Sunday, May 13, 2007

"You have a Monica problem"

And to think that, when the Clinton administration ended, government officials imagined they no longer had anything to fear from that phrase.


Two years ago, Robin C. Ashton, a seasoned criminal prosecutor at the Department of Justice, learned from her boss that a promised promotion was no longer hers.

“You have a Monica problem,” Ms. Ashton was told, according to several Justice Department officials. Referring to Monica M. Goodling, a 31-year-old, relatively inexperienced lawyer who had only recently arrived in the office, the boss added, “She believes you’re a Democrat and doesn’t feel you can be trusted.”

(And this Monica is no addled accident, stumbling from one adolescent entanglement to another, like the Other Monica: This one's a state-of-the-art GOP Pod Farm product, trained by the best to wield the political chainsaw for God and Bush. If she weeps, it's not for lost love, and certainly not from remorse--it's only that she got caught out so early in an otherwise-promising career as a conservative operative. No syndicated columns, FOX News appearances, or lecture circuit fees for this Monica. Not now. Not even her own line of designer purses, one imagines.)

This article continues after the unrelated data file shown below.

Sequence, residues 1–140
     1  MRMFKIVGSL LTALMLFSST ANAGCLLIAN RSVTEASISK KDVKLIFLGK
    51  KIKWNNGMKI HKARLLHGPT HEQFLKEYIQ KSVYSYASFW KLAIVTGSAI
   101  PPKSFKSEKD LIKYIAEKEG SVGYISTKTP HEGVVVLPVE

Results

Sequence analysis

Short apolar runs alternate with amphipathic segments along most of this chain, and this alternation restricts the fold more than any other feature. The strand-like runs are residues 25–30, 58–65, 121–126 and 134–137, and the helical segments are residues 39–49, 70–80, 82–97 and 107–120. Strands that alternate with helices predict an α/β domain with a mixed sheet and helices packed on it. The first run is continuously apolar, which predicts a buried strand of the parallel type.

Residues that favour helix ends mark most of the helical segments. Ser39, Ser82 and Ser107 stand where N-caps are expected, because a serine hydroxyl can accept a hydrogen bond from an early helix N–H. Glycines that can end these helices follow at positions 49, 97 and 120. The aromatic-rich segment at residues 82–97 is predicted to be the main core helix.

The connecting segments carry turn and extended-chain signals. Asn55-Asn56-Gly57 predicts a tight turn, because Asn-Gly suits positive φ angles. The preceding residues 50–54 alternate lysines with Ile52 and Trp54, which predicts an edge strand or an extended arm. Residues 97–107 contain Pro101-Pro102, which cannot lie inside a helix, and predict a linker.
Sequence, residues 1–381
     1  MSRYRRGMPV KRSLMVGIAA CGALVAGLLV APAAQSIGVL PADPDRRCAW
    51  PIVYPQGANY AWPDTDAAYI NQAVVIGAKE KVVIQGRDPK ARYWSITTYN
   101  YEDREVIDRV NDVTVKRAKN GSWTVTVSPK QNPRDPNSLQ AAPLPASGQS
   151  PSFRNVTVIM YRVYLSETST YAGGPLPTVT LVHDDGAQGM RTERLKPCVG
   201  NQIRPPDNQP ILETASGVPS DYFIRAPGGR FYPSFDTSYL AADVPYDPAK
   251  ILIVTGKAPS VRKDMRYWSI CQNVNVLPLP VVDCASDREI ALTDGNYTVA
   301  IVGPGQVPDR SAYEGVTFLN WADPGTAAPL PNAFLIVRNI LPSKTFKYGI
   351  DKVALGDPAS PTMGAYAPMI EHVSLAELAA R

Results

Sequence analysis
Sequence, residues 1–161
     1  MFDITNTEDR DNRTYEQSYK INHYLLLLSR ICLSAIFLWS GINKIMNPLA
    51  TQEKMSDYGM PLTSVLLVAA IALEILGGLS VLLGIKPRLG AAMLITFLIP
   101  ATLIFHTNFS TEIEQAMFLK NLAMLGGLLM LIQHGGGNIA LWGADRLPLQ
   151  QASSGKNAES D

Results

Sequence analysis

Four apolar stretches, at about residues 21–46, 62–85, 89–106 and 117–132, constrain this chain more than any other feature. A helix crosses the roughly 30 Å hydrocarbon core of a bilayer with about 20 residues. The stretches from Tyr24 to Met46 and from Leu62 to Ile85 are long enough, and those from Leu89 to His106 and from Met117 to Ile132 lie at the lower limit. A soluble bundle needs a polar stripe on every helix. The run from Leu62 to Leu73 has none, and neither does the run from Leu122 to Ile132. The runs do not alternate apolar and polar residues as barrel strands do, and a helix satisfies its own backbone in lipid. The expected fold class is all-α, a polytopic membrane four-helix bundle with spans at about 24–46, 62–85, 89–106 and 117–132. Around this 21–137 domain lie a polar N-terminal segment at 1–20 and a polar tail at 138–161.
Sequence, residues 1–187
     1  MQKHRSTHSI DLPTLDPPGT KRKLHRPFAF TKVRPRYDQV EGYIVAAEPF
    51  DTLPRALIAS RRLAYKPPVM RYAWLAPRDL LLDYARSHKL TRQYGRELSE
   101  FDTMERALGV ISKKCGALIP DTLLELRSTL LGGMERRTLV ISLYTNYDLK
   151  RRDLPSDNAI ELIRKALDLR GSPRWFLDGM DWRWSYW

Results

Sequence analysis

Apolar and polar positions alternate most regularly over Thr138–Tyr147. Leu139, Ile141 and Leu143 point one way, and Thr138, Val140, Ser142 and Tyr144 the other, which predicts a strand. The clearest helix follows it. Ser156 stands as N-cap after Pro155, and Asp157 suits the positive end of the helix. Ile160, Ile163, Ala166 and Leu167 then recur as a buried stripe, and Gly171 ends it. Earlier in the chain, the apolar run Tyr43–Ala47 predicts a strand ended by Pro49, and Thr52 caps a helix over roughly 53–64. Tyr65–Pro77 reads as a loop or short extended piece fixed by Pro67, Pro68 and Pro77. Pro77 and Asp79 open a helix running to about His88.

Ron at Middle Earth Journal has it right:

Disciples of charismatic religious leaders like Pat Robertson are trained to not question authority - are by their very nature "authoritarian followers". This makes them very useful to secular authoritarians like Karl Rove. If Monica Goodling had any knowledge of Constitutional Law and theory, which is doubtful considering her educational background, it would be displaced by the wishes of the authoritarians she worked for.

Conspiracy is a crime, but at least the word itself has a bit of poetry to it, suggestive of plotters whispering with their heads so close together that they're breathing the same air.

The thing is, though, when everyone's already on the same page, you don't need a conspiracy. Sometimes an office, a desk, and a phone are all it takes.

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